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Trump says countries have ‘absolute right’ to protect border

The path to peace and a better world “begins at home,” United States President Donald Trump said on Tuesday, urging countries to look after their own interests on issues like trade, people smuggling and illegal immigration, and denouncing “open border activists who cloak themselves in the rhetoric of social justice.”

In his address to the UN General Assembly, which officially opened on Tuesday, Mr. Trump said that many of the 193 UN Member States are “coping with the challenges of uncontrolled migration.”

“Each of you has the absolute right to protect your borders, and so, of course, does our country. Today, we must resolve to work together to end human smuggling and human trafficking and put these criminal networks out of business for good,” he said.

While stressing that the US does not seek conflict with other nations, Mr. Trump affirmed that he will never cease to defend national interests.

The American President said his administration will partner with nations that seek peace and respect.

This includes working with countries in the Western Hemisphere to curb illegal immigration, which he said impacts both sending and receiving countries, as well as those pushed to escape their homelands.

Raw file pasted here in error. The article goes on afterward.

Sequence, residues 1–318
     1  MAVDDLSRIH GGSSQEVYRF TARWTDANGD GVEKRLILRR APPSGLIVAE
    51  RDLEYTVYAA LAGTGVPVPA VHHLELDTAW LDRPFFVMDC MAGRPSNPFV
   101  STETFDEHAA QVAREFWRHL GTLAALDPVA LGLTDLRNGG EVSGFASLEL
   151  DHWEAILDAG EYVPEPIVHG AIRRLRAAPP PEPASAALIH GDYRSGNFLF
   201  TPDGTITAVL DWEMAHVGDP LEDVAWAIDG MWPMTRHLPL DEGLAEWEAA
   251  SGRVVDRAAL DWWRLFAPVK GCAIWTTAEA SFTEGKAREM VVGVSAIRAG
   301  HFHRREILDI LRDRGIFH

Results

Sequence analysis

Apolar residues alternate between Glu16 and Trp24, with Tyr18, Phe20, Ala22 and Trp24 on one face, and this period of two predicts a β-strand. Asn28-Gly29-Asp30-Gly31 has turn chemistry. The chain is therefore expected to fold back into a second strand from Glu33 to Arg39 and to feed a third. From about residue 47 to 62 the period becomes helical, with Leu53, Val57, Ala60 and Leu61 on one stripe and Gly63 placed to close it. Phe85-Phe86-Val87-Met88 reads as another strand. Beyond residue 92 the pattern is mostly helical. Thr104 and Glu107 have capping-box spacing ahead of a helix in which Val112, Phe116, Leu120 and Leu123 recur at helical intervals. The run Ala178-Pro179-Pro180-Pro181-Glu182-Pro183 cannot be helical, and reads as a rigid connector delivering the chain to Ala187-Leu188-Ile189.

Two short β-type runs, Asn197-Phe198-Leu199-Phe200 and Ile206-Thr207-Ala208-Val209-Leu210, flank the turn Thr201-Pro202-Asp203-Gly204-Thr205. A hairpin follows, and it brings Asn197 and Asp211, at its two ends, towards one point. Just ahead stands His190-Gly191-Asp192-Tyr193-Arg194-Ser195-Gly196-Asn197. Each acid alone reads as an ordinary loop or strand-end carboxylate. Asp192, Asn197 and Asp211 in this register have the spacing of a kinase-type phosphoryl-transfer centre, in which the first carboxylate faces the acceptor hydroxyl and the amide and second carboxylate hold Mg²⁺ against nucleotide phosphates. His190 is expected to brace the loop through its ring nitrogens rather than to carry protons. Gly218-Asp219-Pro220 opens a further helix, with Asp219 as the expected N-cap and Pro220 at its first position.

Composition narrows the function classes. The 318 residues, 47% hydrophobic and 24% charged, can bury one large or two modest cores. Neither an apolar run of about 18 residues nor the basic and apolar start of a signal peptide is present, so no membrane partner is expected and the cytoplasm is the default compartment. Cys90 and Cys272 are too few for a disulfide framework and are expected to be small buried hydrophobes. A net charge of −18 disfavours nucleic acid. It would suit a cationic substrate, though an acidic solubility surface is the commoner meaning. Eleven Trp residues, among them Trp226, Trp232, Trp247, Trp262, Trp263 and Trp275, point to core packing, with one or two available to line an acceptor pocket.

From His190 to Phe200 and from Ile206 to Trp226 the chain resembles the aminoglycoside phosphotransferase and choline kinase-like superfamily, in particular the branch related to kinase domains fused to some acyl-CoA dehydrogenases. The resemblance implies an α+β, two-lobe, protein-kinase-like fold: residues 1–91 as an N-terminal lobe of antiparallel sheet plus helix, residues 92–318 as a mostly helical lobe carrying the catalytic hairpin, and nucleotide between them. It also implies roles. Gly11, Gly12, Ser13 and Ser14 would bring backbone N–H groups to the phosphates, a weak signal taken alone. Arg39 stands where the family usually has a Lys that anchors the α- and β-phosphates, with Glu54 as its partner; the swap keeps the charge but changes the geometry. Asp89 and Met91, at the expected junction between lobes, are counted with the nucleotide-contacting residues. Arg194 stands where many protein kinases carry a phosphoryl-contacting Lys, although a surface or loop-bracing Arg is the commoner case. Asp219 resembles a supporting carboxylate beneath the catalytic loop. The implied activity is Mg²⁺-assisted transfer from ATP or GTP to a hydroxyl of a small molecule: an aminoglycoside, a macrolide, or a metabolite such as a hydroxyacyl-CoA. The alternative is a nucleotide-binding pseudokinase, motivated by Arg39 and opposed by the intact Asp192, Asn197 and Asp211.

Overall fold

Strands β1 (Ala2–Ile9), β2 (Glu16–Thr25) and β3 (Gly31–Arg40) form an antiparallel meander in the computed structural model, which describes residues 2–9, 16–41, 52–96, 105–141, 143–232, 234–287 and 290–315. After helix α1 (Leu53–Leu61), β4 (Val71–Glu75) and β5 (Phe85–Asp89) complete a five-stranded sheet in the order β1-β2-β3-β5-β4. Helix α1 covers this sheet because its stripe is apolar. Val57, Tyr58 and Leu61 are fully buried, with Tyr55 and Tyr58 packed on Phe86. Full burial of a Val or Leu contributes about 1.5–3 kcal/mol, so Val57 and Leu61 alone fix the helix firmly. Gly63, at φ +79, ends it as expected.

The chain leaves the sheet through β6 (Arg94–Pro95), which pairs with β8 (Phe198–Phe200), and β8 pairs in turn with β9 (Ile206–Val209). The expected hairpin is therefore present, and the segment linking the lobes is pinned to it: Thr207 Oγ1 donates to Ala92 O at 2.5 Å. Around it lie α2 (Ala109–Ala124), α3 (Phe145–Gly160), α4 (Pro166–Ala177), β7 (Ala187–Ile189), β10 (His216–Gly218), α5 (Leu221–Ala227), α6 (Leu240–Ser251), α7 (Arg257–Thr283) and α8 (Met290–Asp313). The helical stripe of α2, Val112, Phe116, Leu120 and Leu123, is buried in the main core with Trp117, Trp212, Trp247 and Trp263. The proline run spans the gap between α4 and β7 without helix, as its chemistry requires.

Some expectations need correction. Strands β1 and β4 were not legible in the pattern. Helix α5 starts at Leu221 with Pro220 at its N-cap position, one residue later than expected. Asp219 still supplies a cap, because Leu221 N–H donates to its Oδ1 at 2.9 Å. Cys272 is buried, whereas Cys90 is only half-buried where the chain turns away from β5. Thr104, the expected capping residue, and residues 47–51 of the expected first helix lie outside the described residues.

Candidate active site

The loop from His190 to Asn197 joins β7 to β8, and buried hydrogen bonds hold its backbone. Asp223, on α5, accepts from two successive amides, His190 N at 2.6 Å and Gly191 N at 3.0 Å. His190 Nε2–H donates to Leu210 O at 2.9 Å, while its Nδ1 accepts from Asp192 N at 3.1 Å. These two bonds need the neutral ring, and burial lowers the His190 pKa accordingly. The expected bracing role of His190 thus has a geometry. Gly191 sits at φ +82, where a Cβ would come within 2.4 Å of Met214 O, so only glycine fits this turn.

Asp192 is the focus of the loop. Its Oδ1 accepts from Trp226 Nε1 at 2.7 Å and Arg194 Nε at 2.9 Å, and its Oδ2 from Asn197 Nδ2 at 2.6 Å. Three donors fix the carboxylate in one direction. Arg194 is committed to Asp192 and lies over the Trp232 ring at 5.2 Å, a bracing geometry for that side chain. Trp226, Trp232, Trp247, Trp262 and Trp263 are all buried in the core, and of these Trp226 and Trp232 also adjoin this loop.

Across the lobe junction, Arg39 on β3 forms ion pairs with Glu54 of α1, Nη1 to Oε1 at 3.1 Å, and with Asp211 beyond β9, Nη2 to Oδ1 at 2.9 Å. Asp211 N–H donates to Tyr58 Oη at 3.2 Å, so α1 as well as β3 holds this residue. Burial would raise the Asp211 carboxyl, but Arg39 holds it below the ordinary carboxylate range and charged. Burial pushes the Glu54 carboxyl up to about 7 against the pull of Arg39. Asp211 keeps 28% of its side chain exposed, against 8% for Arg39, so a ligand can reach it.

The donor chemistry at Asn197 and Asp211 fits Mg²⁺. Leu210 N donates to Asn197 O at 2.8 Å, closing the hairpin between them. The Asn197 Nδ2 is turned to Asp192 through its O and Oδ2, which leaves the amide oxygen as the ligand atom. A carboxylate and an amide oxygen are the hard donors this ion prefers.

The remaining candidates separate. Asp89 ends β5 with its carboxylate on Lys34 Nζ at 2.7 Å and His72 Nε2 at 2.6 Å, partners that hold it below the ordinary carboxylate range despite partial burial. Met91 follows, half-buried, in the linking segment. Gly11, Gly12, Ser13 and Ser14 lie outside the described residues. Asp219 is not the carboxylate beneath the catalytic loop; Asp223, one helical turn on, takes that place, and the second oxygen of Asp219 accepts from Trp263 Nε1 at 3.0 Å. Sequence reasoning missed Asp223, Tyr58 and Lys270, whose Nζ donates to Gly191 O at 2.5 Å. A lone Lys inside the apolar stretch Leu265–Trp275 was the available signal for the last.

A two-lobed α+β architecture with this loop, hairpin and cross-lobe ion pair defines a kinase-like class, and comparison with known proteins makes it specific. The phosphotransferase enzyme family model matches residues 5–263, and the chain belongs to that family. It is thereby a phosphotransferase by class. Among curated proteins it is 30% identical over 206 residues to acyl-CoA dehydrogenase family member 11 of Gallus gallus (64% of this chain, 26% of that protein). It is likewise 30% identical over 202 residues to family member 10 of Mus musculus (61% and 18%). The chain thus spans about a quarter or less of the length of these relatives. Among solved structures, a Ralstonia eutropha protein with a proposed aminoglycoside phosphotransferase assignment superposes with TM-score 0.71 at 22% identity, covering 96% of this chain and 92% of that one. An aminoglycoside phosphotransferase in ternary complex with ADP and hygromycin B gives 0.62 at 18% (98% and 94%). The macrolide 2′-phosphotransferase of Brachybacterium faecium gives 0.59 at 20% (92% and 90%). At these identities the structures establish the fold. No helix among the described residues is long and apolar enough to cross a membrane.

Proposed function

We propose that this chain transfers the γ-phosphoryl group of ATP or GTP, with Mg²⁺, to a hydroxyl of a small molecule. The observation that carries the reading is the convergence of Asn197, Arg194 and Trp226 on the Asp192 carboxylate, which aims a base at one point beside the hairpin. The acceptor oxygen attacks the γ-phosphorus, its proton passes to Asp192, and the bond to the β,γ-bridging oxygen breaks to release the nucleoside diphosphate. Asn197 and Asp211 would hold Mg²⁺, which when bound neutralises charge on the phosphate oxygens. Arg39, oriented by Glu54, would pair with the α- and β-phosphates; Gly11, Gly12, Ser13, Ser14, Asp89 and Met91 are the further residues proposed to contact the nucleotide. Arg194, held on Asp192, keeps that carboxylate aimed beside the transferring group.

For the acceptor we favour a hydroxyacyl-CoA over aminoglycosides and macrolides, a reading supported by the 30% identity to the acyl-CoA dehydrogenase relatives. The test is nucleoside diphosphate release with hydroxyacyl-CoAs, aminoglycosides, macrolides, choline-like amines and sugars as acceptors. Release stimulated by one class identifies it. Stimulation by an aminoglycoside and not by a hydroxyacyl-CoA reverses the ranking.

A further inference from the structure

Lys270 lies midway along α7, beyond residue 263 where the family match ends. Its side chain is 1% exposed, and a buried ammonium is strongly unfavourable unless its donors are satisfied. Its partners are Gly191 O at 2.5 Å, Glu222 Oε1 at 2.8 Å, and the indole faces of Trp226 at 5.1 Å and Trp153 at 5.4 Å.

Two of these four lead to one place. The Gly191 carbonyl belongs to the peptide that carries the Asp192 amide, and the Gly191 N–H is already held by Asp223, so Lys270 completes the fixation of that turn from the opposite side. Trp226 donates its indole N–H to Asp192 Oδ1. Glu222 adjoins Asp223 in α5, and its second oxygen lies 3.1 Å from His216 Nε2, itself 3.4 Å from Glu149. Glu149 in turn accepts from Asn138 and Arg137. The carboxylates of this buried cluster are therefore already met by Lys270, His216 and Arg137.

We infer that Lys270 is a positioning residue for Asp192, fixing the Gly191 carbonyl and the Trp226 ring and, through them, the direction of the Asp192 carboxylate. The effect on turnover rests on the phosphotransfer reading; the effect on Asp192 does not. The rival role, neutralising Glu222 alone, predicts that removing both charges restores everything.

Mr. Trump delivered a message to “open-border activists” who encourage illegal migration flows:

“You are empowering criminal organizations that prey on innocent men, women and children. You put your own false sense of virtue before the lives (and) well-being (of) countless innocent people. When you undermine border security, you are undermining human rights and human dignity.”

The annual high-level debate marking the start of the 74th UN General Assembly runs through Monday.

Brazil traditionally is the first country to speak, followed by the United States, host country to UN Headquarters in New York.

At the beginning of his speech, Mr. Trump stated that wise leaders always put the good of their own people and their own country first.

“The future does not belong to globalists; the future belongs to patriots,” he said.

“The future belongs to sovereign and independent nations who protect their citizens, respect their neighbours, and honour the differences that make each country special and unique.”

On wider issues, Mr. Trump said that while he would not accept a “bad trade deal” with China, he nevertheless hoped “we can reach a deal beneficial for both countries.”

Denouncing Iran’s “repressive regime” as one of the “greatest security threats facing peace-loving nations today,” Mr. Trump said Tehran is “fueling the tragic wars in both Syria and Yemen.” He added that the Government is “squandering the nation’s wealth and future in a fanatical quest for nuclear weapons and means to deliver them.”

“We must never allow this to happen,” he said.


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